Details of Disappearance
Tiffany was a junior at the University of Florida in Gainesville in 1989; she majored in finance. She resided in the 2600 block of southwest 35th Place in Casablanca East Condominiums. Tiffany told her roommate she was going to take a walk along Williston Road at approximately 6:00 p.m. on February 9, 1989.
Witnesses saw a woman matching Tiffany's description speaking to several unidentified individuals in a vehicle shortly afterwards. The woman may have entered the car, but the witnesses were uncertain. Authorities have never confirmed if the person was Tiffany. She has never been heard from again. She left her wallet, keys and identification inside her residence.
Michael Christopher Knickbocker was considered a possible suspect in Tiffany's case for many years. He was sentenced to five terms of life in prison in 1990 for the 1989 rape of a 20-year-old Gainesville college student. He had a prior record for sex offenses and other crimes
In 2005, he pleaded no contest to first-degree murder in the 1989 shooting death of a twelve-year-old Starke, Florida girl. He was given an additional life sentence for the crime and will be 74 years old by the time he becomes eligible for parole.
A photo of Knickerbocker is posted with this case summary. He allegedly told other inmates that he chained Tiffany to a tree near Gainesville on the night of her disappearance. Knickbocker claimed that he murdered her shortly afterwards and disposed of her remains in the Caloosahatchee River near Fort Myers, Florida.
Investigators searched the area after receiving the information from an informant, but no evidence was found at the scene. Authorities stated that materials connected to Tiffany's disappearance may have been lost in the surf as a result of the time lapse. But it may be worth noting that Knickerbocker lived near the victim he killed and near the scene of his prior rape, but he wasn't living in Gainesville when Tiffany disappeared.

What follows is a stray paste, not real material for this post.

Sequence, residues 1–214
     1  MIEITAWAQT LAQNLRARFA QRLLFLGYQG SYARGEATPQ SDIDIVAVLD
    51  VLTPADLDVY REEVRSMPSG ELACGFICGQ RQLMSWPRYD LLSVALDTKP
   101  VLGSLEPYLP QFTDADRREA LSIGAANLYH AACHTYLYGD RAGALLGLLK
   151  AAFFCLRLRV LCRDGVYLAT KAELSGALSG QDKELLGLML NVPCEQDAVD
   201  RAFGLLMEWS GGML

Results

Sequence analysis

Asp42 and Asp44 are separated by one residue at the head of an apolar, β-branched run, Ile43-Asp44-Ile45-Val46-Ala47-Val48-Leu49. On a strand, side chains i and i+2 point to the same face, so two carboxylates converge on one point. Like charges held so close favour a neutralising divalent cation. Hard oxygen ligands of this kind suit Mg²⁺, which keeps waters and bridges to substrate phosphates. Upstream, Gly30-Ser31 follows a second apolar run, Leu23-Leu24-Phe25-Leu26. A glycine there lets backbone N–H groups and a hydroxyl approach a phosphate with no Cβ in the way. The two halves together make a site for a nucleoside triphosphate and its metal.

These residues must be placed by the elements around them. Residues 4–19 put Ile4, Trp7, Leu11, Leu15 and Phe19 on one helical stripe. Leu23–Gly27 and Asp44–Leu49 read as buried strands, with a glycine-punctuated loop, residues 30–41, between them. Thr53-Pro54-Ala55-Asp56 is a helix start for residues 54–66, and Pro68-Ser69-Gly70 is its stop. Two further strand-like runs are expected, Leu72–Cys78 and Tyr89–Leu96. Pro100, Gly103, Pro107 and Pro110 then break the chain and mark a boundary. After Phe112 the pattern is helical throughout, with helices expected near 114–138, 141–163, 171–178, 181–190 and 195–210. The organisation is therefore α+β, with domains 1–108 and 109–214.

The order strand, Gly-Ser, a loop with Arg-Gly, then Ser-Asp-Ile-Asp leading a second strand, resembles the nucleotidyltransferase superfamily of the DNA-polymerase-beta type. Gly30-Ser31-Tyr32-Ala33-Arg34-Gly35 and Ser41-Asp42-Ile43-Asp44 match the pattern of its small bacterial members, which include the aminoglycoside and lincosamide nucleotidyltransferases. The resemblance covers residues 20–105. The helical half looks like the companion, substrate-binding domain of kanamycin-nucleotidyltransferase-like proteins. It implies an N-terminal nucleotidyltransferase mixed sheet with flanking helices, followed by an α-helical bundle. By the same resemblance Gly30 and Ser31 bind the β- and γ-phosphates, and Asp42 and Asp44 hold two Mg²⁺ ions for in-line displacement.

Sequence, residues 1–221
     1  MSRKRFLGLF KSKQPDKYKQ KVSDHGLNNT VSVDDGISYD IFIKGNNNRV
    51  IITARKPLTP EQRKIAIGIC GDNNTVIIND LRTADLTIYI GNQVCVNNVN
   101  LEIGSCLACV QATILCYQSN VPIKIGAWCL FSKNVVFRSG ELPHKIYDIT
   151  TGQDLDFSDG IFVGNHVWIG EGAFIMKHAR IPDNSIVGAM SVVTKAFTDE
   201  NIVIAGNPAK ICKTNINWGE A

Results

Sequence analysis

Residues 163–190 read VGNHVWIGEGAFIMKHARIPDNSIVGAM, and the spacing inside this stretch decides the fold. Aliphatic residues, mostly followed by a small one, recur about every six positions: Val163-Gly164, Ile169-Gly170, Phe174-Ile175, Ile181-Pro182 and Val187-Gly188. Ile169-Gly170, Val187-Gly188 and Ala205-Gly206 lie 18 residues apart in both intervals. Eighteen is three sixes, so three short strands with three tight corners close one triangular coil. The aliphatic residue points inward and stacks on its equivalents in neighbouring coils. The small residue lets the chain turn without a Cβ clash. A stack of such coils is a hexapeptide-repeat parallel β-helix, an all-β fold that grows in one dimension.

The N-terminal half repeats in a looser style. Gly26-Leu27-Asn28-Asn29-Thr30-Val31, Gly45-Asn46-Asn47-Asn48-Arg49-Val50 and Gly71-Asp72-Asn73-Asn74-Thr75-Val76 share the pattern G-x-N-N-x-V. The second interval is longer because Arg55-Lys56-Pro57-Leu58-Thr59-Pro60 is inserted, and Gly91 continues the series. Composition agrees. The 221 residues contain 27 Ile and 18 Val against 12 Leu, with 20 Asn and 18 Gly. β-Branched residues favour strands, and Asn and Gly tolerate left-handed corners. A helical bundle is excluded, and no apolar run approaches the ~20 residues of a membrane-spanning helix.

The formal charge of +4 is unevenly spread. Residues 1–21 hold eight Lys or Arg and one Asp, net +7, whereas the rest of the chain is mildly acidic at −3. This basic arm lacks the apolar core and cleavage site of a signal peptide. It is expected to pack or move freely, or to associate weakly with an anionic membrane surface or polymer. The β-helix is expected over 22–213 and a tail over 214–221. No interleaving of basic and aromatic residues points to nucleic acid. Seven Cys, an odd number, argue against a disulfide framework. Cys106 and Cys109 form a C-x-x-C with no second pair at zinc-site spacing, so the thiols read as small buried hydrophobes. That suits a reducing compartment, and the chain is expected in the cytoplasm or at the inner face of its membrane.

Knickbocker also mentioned that Tiffany's sweatshirt was buried outside of Gainesville. Investigators searched the specified location in August 2002 and recovered a piece of blood-soaked material. Authorities tested the material to determine if Tiffany's DNA was on the item. The results have not been publicly announced. Several media outlets reported that the material did not appear to originate from a sweatshirt.
In February 2014, nearly 25 years after Tiffany's disappearance, a suspect was named in her kidnapping and presumed murder: Paul Rowles. A photo of Rowles is posted with this case summary. He had been sentenced to life in prison for a 1976 murder in Miami-Dade County, Florida, but was released from prison in 1985.
In 1994, he was sentenced on multiple nineteen counts including sexual battery, attempted sexual battery, kidnapping and lewd and lascivious molestation. (His victim in that case, a nineteen-year-old Clearwater, Florida woman, managed to escape.) He died of natural causes in 2013 at the age of 64, still in prison.
Investigators believe Rowles was a serial killer and Tiffany was his second victim. They're searching for her body near the site where his other known murder victim was buried. Shortly after his death, DNA linked him to the unsolved murder of a 21-year-old woman whose body was found in a shallow grave only about a mile from where Tiffany disappeared.
He is known to have delivered scaffolding to a construction project along Tiffany's jogging path. Authorities also found a day planner Rowles kept in prison which, while it did not mention Tiffany's name, did have the number 2 written next to the date of her disappearance.
The Rolex company has "flagged" Tiffany's watch, so they will be notified if anyone tries to sell or pawn it. The watch can be identified by its unique serial number. Tiffany's case remains unsolved. There have not been any arrests in connection to her disappearance.